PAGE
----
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When doing business in Qatar, it’s important to understand what’s expected of you. Not only will this help you get by in business, it should also help you develop closer relationships in your business and personal life, while avoiding any possible insult.

Finding out what’s expected of you means learning about Qatari culture and customs, while also getting to know the people and the way they do business. This knowledge should equip you with the business etiquette you need to not only survive, but to succeed.

So, before you get into the ins and outs of how to start a business in Qatar, or even before you start looking at new business ideas or business opportunities, let’s take a little look at the basics of doing business in Qatar.

  1. The Basics

Qatar is an Islamic country, however, the majority of its population are expats. In business, the way you deal with people will often be determined by where they come from. The way you relate to an expat may be different to the way you relate to a local.

While you may be dealing with other expats day-to-day, senior associates within a company will more likely come from Qatar and other Gulf states. Use your common sense, but of course, always treat colleagues and clients with respect, no matter where they come from.

In terms of Qatar business office hours, these usually run somewhere between 7.30am and 5pm , Sunday to Thursday. Typically, Friday and Saturday are weekend days, but this varies between businesses and industries.

While Arabic is the official language in Qatar, English is spoken widely, especially in business. However, all paperwork and documentation should be primarily completed in Arabic, with English translations provided where needed.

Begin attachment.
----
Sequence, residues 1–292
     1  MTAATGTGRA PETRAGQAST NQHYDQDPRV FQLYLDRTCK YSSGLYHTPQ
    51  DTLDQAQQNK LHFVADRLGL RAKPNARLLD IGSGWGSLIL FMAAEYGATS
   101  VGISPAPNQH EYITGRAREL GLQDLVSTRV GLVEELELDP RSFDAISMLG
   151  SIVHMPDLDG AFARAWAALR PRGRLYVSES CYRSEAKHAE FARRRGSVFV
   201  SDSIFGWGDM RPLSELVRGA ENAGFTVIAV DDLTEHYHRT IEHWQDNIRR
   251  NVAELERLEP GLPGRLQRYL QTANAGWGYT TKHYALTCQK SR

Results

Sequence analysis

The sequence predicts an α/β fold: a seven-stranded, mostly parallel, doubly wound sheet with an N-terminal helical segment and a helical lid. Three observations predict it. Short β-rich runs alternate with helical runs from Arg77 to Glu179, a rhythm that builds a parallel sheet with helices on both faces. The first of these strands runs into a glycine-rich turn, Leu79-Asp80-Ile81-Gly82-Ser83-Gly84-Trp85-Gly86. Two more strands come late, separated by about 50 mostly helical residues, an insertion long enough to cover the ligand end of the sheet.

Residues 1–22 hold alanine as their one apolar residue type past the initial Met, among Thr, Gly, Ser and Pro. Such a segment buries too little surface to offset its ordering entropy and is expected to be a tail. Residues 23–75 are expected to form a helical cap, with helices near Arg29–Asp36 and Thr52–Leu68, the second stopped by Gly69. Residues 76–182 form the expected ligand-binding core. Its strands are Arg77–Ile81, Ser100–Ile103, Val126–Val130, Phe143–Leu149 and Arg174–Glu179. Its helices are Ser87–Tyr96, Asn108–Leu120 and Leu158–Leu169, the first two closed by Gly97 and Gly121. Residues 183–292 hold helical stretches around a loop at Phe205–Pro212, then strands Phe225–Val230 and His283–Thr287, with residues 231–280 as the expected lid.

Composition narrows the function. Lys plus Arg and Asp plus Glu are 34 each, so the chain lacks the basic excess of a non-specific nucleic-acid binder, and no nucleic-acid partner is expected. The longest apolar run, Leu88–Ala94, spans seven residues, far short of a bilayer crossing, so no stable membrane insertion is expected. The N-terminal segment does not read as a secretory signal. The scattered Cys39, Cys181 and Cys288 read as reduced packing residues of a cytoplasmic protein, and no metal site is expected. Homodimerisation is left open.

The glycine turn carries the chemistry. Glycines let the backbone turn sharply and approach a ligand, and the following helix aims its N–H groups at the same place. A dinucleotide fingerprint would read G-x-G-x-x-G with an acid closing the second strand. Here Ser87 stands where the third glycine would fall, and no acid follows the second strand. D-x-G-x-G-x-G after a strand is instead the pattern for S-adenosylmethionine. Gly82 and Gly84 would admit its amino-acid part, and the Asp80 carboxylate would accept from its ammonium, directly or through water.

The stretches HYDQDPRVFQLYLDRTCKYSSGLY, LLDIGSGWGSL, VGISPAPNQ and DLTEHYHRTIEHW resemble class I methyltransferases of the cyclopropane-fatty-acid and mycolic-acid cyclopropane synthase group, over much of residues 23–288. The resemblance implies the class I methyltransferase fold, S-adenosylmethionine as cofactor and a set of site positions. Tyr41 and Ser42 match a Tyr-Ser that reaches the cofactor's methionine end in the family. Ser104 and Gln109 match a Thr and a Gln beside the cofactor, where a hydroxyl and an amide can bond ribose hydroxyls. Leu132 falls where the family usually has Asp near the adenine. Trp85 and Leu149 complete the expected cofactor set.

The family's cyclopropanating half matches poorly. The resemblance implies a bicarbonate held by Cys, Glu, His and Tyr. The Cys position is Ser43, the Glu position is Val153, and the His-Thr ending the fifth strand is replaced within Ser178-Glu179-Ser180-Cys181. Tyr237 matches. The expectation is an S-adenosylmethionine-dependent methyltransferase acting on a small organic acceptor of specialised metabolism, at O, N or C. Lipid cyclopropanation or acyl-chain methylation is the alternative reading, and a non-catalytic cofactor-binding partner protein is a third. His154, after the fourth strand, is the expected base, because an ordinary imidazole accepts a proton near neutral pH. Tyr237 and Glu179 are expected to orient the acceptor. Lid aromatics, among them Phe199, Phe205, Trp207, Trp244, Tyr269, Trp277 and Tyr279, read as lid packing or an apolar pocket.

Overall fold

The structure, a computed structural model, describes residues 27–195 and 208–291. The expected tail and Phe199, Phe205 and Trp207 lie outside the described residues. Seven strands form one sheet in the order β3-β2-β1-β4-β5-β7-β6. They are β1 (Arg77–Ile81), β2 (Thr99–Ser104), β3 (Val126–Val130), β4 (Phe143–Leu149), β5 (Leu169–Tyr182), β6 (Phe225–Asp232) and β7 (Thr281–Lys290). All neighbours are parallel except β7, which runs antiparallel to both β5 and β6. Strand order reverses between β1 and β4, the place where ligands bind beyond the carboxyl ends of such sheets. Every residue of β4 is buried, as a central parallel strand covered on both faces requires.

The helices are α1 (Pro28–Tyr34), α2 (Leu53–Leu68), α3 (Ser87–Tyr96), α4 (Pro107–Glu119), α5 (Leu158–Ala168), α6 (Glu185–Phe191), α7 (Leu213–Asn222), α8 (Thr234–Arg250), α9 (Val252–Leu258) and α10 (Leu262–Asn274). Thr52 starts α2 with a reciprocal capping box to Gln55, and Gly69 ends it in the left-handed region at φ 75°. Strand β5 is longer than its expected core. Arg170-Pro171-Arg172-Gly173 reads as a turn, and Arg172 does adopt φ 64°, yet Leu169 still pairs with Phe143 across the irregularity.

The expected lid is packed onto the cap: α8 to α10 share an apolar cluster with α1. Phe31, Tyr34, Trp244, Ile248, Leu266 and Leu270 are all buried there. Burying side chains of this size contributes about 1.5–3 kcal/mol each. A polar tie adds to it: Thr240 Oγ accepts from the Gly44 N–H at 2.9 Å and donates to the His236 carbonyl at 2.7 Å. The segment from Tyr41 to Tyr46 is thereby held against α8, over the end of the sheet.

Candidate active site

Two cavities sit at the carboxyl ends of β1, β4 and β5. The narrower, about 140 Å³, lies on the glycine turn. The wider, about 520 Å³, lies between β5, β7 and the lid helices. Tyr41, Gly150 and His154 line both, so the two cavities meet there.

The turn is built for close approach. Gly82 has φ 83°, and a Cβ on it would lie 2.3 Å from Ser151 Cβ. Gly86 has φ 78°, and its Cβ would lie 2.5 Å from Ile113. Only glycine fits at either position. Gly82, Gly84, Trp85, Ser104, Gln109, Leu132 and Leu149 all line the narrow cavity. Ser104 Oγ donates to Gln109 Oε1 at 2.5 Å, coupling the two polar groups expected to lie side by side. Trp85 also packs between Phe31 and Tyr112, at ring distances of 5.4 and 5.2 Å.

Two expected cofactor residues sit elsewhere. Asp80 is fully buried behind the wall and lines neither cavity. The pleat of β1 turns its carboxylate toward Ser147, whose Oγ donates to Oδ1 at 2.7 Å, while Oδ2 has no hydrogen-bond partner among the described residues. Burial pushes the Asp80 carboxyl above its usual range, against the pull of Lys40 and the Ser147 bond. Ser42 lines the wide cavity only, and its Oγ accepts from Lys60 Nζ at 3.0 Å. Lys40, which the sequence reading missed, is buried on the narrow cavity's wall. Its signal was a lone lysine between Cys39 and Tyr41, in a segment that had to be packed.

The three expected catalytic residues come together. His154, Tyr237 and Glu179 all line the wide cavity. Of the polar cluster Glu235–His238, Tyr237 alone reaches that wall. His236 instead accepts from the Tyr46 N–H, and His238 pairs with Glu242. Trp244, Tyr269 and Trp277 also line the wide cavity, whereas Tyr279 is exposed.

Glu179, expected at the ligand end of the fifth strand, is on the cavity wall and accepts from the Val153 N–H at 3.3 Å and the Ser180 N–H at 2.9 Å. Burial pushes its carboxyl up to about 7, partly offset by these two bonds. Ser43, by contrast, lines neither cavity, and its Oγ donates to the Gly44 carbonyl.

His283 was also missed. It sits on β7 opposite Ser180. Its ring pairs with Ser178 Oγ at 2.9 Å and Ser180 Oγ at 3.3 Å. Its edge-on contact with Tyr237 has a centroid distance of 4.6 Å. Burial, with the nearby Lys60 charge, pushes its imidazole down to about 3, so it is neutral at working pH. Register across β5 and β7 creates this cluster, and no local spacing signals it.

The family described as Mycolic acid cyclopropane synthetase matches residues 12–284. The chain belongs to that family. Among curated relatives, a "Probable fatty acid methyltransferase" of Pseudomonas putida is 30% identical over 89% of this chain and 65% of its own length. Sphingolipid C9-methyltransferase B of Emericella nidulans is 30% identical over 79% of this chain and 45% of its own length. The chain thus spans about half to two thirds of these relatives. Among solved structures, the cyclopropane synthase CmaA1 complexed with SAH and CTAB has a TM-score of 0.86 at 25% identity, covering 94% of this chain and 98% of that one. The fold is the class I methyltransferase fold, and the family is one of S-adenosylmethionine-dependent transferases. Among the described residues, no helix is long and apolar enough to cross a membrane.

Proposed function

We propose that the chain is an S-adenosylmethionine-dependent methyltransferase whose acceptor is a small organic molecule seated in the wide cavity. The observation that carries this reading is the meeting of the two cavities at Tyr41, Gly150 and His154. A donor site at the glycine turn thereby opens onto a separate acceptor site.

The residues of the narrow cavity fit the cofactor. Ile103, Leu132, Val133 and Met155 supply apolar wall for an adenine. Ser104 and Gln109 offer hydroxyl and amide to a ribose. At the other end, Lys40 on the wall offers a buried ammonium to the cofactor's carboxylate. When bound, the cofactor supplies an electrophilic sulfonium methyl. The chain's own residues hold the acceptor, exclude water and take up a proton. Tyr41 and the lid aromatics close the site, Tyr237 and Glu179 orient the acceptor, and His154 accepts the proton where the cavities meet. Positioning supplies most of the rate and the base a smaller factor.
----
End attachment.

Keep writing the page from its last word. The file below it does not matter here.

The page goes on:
At work, the dress code in Qatar is smart and conservative, especially for women. Both men and women should dress modestly for meetings; ensuring most of the body is covered.

  1. Introducing yourself

When greeting someone, handshakes are commonly used among men, but be sure to shake the hand of the most senior person present first. You typically greet someone with their first name along with their personal or professional title.

Gift giving is often customary when meeting Qatari business associates for the first time. Gifts should be wrapped, and should be of the highest quality.

  1. Women in the workplace

In terms of gender equality, Qatar is an Islamic state, but it is one of the most progressive Gulf countries in its attitudes towards women in the workplace and women are respected and valued in the workplace.

It is worth bearing in mind though, that foreign women are expected to dress and behave perhaps more conservatively than they would at home. To find out more about women in the workplace here in Qatar, read our post on Work Permit Rules & Requirements for Women in Qatar.

  1. Being mindful of cultural differences

Islam has a significant influence on daily life in Qatar, so it’s important for expats to understand the culture, not only in the way it affects Qatari’s, but the way they do business.

Salat – or the obligatory Muslim prayers – are performed five times a day. This prayer timetable gives Muslims the pattern of their day, with children as young as seven encouraged to pray.

  • Salat al-fajr: dawn, before sunrise,
  • Salat al-zuhr: midday, after the sun passes its highest point,
  • Salat al-‘asr: the late part of the afternoon,
  • Salat al-maghrib: just after sunset,
  • Salat al-‘isha: between sunset and midnight.

As a prayer ritual that is more than 1,400 years old, this not only allows Muslims to pray, it also allows them to connect spiritually with all other Muslims around the world. While many pray in a mosque, it is possible to pray anywhere.

The holy month of Ramadan is a key event in Qatar; dramatically changing not only the social life in Qatar, but also the ways Qataris do business. Find out more about Ramadan and the way it affects life in Qatar in our post on Ramadan here.

At the end of Ramadan is Eid Al-Fitr, a three-day festival that marks the end of the previous month of fasting. During Eid Al Fitr, many people wear traditional clothes, give gifts to children and donate money to charity. Find out more about Eid here.

As a foreigner in Qatar, try to be sensitive to the culture and customs of its people. Accept invitations where they are offered, and get acquainted with the pace of business in Qatar. This will all go towards making your stay in Qatar that much more comfortable – and successful!

To find out more about business management or starting a business in Qatar, about how to find a business partner or local business partnership, contact us today. That’s what we’re here for!